22 Mar 2015

Judge a Book by Its Cover: Part 3

Blog-03-22-15As independent authors, we face the following challenges in regard to our covers:

  • Shackled by budget
  • Desperate for distinction
  • Questionable art quality

But some of us have managed to produce serviceable, if not excellent, book covers, despite those confines. We can still produce eye-catching book covers despite being “indie.” Here are some examples:

1.) Public domain photographs go a long way.

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All right, so the title font is low resolution, and the font selected for the author’s name needs to have an intervention with other, more sober fonts. You’re right on both those accounts. However, consider that the cover has an effective layout. The front and center photograph are vibrant and informs us about the subject matter. You can look at this cover and not only  know what you are in for, but it presents the material in a compelling manner.

2.) Don’t underestimate the power of the pencil.

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Know a talented high schooler that needs a few bucks? Got a family member who is crafty with pencils? The intimacy conveyed by the texture of graphic and colored pencil cannot be taken for granted. With this cover in particular, I find an alluring economy of technology and nature. While the pumpkin being held by the synthetic arm is an apparent theme, this hand-drawn cover is a reinforcement of that very theme. This also hints at I, Robot’s iconic cover without ripping it off. This presents something new, interesting, and I find myself asking, “What is up with that pumpkin?”

(PS: It is possible that this is digitally drawn, but it looks so ORGANIC to me, I don’t care!)

3. ) Be imprecise sometimes. The reader will be engaged as they fill in the blanks.

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This cover is dynamite. I love the color and the textures of the characters. As I observe their bodies, it’s clear that the strokes that painted them were broad and almost angry, much like the action occurring here. It makes elements of the action hard to perceive, but I still sense the conflict and raw nature of the setting. Both men here seem to represent the “proto” versions of their warring culture, and the rocking title sure doesn’t hurt.

4.) Your text and artwork can form a glorious union.

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When the text and artwork click together, it can be GLORIOUS. I freaking adore this cover. I love the artwork, the format, and the text seems to have been there all along. Everything here  locks into place deliciously. When looking at this, I know that someone cared enough to produce a haunting, vivid work to cloak his or her writing in. What promises await inside?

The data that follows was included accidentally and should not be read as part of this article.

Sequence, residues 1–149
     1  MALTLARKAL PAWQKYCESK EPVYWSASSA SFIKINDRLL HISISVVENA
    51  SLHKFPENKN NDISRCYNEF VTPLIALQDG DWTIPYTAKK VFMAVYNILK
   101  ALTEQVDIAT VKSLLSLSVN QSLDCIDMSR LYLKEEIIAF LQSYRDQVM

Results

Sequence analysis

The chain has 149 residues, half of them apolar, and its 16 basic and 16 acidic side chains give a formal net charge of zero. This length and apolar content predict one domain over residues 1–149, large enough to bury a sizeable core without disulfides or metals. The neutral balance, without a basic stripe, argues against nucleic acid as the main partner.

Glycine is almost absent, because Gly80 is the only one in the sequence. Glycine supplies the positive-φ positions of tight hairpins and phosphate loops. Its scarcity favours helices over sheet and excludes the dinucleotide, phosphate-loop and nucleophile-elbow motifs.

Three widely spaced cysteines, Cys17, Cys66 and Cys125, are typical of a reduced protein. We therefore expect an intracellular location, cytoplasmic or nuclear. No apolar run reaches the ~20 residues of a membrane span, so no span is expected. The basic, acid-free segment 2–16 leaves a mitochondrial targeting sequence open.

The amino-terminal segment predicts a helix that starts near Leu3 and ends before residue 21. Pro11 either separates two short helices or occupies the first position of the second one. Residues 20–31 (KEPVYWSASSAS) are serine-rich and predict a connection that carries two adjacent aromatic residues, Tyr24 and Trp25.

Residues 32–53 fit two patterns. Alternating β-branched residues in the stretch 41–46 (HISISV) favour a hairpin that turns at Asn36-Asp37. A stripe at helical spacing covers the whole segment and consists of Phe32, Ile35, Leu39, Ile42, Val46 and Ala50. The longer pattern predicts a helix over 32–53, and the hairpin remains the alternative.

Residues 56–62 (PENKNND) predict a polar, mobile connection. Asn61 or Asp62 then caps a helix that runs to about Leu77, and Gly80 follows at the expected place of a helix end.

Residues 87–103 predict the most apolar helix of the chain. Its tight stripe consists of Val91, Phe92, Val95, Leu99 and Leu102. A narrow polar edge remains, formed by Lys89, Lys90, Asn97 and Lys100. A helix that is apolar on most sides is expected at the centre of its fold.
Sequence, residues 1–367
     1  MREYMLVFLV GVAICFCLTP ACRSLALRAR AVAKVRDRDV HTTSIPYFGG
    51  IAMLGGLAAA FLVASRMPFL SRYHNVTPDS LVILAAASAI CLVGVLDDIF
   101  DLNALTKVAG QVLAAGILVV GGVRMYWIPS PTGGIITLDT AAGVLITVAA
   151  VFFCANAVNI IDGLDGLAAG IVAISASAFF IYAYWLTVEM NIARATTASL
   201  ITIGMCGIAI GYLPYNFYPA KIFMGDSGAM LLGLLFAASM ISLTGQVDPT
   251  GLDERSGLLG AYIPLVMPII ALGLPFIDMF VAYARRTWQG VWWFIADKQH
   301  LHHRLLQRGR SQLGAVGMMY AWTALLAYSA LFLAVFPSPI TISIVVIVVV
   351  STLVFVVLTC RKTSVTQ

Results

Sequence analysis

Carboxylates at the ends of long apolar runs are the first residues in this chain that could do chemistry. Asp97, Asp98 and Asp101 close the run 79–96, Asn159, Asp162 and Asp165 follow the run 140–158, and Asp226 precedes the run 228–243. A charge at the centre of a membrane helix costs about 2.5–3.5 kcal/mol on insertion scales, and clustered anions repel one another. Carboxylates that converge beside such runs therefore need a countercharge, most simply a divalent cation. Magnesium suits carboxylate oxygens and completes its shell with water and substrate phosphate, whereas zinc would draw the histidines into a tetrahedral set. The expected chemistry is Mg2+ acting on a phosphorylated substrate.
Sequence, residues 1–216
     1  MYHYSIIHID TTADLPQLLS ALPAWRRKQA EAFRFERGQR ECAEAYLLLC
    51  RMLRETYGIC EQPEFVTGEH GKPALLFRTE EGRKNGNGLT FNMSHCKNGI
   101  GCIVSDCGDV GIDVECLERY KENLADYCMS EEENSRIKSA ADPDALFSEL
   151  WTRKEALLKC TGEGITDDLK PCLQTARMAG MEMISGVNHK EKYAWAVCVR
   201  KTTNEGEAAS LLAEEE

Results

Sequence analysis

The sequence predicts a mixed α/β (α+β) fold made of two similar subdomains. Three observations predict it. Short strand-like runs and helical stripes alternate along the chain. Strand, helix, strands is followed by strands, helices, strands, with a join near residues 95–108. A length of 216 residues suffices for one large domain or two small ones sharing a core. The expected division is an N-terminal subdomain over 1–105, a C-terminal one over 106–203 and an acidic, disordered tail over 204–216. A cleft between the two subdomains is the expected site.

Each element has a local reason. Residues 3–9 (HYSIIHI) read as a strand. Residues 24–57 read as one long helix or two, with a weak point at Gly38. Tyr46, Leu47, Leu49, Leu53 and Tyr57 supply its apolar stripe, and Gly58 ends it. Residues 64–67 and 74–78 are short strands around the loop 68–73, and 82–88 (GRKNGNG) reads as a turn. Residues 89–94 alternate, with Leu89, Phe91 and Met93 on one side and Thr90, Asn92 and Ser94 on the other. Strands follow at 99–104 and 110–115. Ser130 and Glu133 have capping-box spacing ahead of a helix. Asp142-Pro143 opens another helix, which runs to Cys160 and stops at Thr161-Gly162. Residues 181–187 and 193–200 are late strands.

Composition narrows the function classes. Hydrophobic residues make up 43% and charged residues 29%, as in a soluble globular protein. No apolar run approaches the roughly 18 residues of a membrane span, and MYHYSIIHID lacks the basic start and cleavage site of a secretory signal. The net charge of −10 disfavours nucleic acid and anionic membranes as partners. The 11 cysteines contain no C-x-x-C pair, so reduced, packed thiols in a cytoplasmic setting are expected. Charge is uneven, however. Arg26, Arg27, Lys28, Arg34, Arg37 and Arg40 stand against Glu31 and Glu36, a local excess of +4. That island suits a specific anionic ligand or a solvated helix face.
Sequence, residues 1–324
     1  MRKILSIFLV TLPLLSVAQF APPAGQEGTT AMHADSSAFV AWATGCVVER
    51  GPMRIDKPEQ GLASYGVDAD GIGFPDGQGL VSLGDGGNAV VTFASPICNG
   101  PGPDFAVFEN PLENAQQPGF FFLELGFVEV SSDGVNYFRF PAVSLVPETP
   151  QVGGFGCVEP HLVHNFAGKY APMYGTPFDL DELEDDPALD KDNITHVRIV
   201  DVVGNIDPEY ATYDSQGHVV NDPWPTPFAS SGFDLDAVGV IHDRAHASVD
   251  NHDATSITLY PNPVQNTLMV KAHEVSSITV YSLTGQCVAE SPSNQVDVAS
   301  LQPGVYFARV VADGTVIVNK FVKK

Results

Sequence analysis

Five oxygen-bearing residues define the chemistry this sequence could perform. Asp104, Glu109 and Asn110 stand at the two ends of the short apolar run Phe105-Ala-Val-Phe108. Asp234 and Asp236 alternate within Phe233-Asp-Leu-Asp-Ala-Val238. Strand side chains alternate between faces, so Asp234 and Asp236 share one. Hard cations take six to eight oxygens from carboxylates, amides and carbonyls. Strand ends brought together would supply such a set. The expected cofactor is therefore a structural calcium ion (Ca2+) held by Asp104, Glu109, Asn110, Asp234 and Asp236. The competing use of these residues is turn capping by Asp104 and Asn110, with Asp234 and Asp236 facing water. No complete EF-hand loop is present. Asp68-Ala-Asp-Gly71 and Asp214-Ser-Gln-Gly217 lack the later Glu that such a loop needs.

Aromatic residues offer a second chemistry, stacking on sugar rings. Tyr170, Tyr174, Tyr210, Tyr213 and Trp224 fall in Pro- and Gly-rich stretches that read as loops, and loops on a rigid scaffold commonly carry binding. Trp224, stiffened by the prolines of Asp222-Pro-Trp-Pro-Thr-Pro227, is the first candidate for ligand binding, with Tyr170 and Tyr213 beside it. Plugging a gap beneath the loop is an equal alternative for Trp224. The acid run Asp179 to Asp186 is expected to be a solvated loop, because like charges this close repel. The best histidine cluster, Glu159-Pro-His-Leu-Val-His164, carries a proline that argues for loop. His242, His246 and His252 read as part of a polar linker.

5.) Photoshop is your friend!

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With the miracle that is Photoshop, you can easily take a one dollar picture, or even something public domain, and go bonkers with it. You can add grain, shadow, or mist effects, and what was once a boring old picture now suddenly pops. It could have just been a lady holding a ball. Pretty boring, but after a bit of subtle photoshopping we’ve got Christmas EVERYWHERE. There is a soft glow to everything, like someone pulled a stocking over the camera, and the title lettering has a reflective surface that gives it tangible gravity. The artist here did a whole lot with very little and knew when to STOP.

6.) If you’ve got it, flaunt it…


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Make certain that your cover is so good that it can double as marketing material. This will save you time and money in the long run. If your cover doesn’t impact as strongly as an ad FOR the novel, your cover was lacking. Good covers take time, and they do cost money. But that bit of money upfront for a rocking cover will save you bundles in marketing material, especially if you work with a flexible artist that can give you the assets of the cover separately. Case in point:

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Producing a good cover is not beyond you in the least. As an indie author, I would even assert that having a compelling and engaging cover is even MORE vital to you than someone who is an established author. Stephen King could have a cover that is jet black with only his name, and it would still sell. We don’t have such hard-earned luxury just yet. To get to where he is, we have to make certain that we are read FIRST. And it begins with the cover.

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2 Comments

  1. Angélique

    I love The Line’s book cover. I shamelessly admit that it is the main reason I wanted to read the book. It just sends all the right messages: 1) I’m a Sci-Fi book 2) I mean it! A REAL Sci-Fi book with science, technology and a creepy monster dude. It’s no cheesy love story in space. 3) My author cares about details: I have a quality book cover. Actually, I don’t look like an independent author book at first sight.
    🙂

    Oh, and a detail about The Line book cover: it’s really minor I guess but the texture of the book cover is great. For some strange reason, many independent books have a (very) glossy book cover. The Line’s book cover isn’t. I liked that. 🙂

    Reply

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